Is CBD Legal in Pennsylvania?
CBD, an extract of the Cannabis plant, has piqued consumers’ interest in Pennsylvania as well as all around the world. Yet its close relation to the psychedelic drug derived from the same plant has instilled some hesitation and uncertainty in potential users who would rather not wind up in a Pennsylvania penitentiary. The law, unfortunately, is not straight-forward, particularly pertaining to new supplements on the market. Consumers must be proactive and do research to extract bits of information from many different sources until all the puzzle pieces come together to determine if CBD is legal in their state.
CBD is a cannabinoid, a type of compound, that occurs within the Cannabis sativa plant. It is one among numerous cannabinoids which also include THC, the psychotropic compound responsible for marijuana’s popular “high.” When consumed and absorbed into the bloodstream, cannabinoids interact with the endocannabinoid receptors of the human body. They modulate the body’s receptors, effecting changes in the nervous and immune systems.
Whereas Cannabis’ THC is a psychoactive cannabinoid that causes alterations in brain function, CBD is non-psychotropic and seems to restore balance and well-being in the body. Although both compounds originate in the same plant, once extracted, CBD is separated from and independent of THC.
While THC is the primary compound in Cannabis when grown for medicinal purposes, also known as “marijuana,” CBD is the primary cannabinoid present in the same plant when cultivated for industrial purposes. This variety of the plant has been coined “industrial hemp” and is defined as containing only traces of THC (at less than or equal to 0.3 percent on a dry weight basis).
In the U.S. and around the world, the cultivation and harvest of industrial hemp has become legal in numerous designated areas. Laws such as the U.S. Agricultural Act of 2014 are encouraging the study of industrial hemp and its potential benefits to consumers in fields including textile, automobile and health sectors by giving federal permission to states that choose to permit hemp farming in certain areas..
Industrial hemp is useful for not only industrial but also educational purposes; its high CBD content provides convenient opportunities to study the health benefits provided by the compound. Now that the U.S. permits both the importation from other countries as well as selected areas for farming of industrial hemp, CBD is becoming a big player on the health supplement market and questions regarding its legality are on the rise.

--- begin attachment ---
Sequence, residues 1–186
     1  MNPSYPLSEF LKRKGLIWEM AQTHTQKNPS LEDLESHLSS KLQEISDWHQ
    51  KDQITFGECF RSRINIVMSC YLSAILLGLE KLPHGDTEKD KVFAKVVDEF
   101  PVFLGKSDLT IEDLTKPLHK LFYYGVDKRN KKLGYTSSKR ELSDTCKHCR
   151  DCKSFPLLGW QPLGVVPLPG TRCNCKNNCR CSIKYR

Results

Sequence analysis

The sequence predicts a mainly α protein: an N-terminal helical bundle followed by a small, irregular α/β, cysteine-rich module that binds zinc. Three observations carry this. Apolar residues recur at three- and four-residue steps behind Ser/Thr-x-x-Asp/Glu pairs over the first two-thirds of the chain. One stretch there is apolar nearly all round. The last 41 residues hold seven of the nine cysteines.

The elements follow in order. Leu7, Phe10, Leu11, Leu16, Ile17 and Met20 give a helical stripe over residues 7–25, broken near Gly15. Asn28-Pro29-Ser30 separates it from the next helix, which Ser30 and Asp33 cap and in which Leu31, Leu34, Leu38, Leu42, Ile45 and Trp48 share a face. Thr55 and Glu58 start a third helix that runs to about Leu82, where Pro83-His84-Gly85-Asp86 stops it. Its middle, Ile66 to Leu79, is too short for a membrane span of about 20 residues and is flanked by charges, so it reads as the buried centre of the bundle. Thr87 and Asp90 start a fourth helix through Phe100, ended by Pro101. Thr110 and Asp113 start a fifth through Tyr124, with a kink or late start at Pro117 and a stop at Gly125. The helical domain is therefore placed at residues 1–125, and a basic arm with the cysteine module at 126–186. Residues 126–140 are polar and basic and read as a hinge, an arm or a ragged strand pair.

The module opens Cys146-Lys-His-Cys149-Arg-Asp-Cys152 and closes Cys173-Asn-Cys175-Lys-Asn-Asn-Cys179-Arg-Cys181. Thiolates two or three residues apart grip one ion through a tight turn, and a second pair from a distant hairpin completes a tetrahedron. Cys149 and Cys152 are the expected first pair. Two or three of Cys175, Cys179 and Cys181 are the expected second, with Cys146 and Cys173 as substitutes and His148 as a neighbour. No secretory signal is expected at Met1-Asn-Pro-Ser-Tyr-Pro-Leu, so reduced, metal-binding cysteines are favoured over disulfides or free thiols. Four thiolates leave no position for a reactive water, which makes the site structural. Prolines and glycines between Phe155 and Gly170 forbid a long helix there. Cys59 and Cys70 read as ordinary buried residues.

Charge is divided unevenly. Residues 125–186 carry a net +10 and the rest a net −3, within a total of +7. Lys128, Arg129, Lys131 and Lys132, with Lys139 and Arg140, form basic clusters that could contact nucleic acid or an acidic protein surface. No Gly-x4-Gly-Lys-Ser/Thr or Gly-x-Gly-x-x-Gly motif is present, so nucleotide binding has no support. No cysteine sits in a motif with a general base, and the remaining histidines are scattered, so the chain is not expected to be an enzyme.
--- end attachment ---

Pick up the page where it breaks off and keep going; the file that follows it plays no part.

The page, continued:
With CBD supplements popping up all over the shelves, consumers wonder about the legal standing of the cannabinoid, especially considering its close relation to Cannabis. While marijuana is a Schedule 1 Drug according to the Controlled Substances Act (CSA), extracted CBD does not have its own definition and category.
The laws are difficult to decipher. Even the Drug Enforcement Administration (DEA) seems to be misinterpreting the legal jargon; when the DEA insisted on treating CBD as marijuana (Drug Code 7360), a U.S. federal court permanently banned the administration from regulating CBD derived from any part of the Cannabis plant not included in the legal definition of marijuana, 21 U.S.C. § 802(16):
The term ‘marihuana’ means all parts of the plant Cannabis sativa L., whether growing or not; the seeds thereof; the resin extracted from any part of such plant; and every compound, manufacture, salt, derivative, mixture, or preparation of such plant, its seeds or resin. Such term does not include the mature stalks of such plant, fiber produced from such stalks, oil or cake made from the seeds of such plant, any other compound, manufacture, salt, derivative, mixture, or preparation of such mature stalks (except the resin extracted therefrom), fiber, oil, or cake, or the sterilized seed of such plant which is incapable of germination.
Based on that federal ruling, any CBD sourced from the mature stalks, fiber, oil, or sterilized seeds of the Cannabis sativa plant does not qualify as a Schedule 1 Drug under U.S. law. Even under the new Drug Code 7350 created specifically for “marijuana extracts,” CBD does not qualify as a Schedule 1 Drug as long as it is extracted from the aforementioned parts of the plant.
Legal CBD Oil in Pennsylvania
Now we have gathered the necessary puzzle pieces composed of pertinent bits of information regarding CBD.
- CBD is a cannabinoid found within the Cannabis plant.
- It is a non-hallucinogenic compound and independent of THC.
- It generally is extracted from industrial hemp which, by definition, has only trace amounts of THC.
- Industrial hemp is legally grown in many parts throughout the world.
- CBD does not qualify as a Schedule 1 Drug either as “marijuana” or “marijuana extract” as long as it is derived from the mature stalks, infertile seeds, fiber or oil of Cannabis.
Once all these puzzle pieces are placed together, the answer automatically emerges:
CBD is legal in all 50 states, including the Quaker State, as long as it is extracted from the fiber, mature stalks, sterilized seeds and/or oil of legally grown industrial hemp.